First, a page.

Apple sent me the aluminum green Series 7, along with the green Solo Loop and Leather Link bands. I particularly like it on the Leather Link band, which is among my favorite straps Apple has made to date. The green leather has a sort of matte finish that pairs nicely with the non-glossy aluminum finish. The anodized green aluminum is really dark — much darker in person than Apple’s product photography would suggest. It plays as black or near-black in most lighting conditions. I like this green watch much more in person than from how it looks on Apple’s website — because it is so dark. If you’re hoping for a more verdant green, though, you might be disappointed. I highly suggest looking at — and trying on — the new watches in person, even if you’re already an Apple Watch owner.
For existing Apple Watch owners, there are very few reasons to consider buying a Series 7 other than the reasons why anyone ever buys a new watch: because you like the way it looks. Apple Watch is a watch that happens to be a computer, not a computer that you happen to wear on your wrist. Evaluate the upgrade decision like you would a computer or even a phone and you’re missing the point.3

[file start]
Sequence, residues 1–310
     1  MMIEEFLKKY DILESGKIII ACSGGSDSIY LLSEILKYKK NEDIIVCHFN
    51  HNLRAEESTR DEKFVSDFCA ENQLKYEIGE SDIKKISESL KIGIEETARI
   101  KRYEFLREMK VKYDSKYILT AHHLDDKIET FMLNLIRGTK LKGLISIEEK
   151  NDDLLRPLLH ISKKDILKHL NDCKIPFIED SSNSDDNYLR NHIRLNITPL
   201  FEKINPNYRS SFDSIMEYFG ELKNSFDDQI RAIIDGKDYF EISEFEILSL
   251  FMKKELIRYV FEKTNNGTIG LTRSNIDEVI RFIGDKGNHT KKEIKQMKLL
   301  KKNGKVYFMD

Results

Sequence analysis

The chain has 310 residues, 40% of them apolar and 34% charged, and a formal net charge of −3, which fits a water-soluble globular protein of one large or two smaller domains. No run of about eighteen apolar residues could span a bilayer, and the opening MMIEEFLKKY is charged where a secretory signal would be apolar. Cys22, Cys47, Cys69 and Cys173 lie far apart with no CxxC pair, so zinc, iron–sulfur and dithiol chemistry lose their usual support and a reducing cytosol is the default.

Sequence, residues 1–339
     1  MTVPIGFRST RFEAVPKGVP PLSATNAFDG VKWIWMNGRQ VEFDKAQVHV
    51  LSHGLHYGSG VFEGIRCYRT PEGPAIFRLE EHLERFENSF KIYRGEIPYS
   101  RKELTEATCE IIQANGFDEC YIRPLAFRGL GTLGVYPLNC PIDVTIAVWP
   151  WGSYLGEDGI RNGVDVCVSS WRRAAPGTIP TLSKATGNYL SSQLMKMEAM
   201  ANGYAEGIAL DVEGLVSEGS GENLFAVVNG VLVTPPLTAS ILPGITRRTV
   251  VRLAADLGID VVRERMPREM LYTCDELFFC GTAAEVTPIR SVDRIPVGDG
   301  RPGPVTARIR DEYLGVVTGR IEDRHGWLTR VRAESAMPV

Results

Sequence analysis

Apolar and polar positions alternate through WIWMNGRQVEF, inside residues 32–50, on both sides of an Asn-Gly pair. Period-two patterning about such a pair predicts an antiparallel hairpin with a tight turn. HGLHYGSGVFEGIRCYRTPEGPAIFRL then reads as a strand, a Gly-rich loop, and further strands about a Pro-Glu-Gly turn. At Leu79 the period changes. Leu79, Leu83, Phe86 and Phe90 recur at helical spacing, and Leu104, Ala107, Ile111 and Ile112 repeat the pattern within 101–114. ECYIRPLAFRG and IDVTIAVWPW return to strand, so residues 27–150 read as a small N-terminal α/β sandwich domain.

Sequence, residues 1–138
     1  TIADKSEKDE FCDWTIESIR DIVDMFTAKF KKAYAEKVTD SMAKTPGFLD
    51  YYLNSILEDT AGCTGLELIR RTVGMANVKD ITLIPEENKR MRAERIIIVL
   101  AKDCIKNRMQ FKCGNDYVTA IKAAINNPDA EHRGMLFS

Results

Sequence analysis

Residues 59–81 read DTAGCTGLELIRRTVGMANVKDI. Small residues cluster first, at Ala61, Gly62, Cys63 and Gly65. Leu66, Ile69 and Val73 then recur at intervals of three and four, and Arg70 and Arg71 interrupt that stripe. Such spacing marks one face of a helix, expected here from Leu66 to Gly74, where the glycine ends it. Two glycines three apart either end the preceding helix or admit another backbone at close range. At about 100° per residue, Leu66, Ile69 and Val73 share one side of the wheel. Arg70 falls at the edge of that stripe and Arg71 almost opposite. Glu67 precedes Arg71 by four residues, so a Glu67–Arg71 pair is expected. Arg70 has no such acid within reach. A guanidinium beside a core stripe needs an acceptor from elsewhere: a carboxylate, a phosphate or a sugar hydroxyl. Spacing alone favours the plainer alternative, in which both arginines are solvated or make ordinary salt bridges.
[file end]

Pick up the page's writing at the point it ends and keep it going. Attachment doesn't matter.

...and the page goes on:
Seven generations in, it seems clear that Apple has pursued a consistent Platonic ideal for Apple Watch from the start, in terms of its shape, size, and display. Series 4 was a major refinement, with significant changes that brought Apple Watch quite close to that ideal. Series 7 is a minor refinement, not major, but that’s because the Series 4 redesign got Apple Watch so close to what it was meant to be from the outset. Perhaps someday Apple will release an altogether re-imagined Apple Watch — a new ideal. But perhaps not. Apple Watch has always known what it wanted to be, and Series 7 is closer to that than ever. ★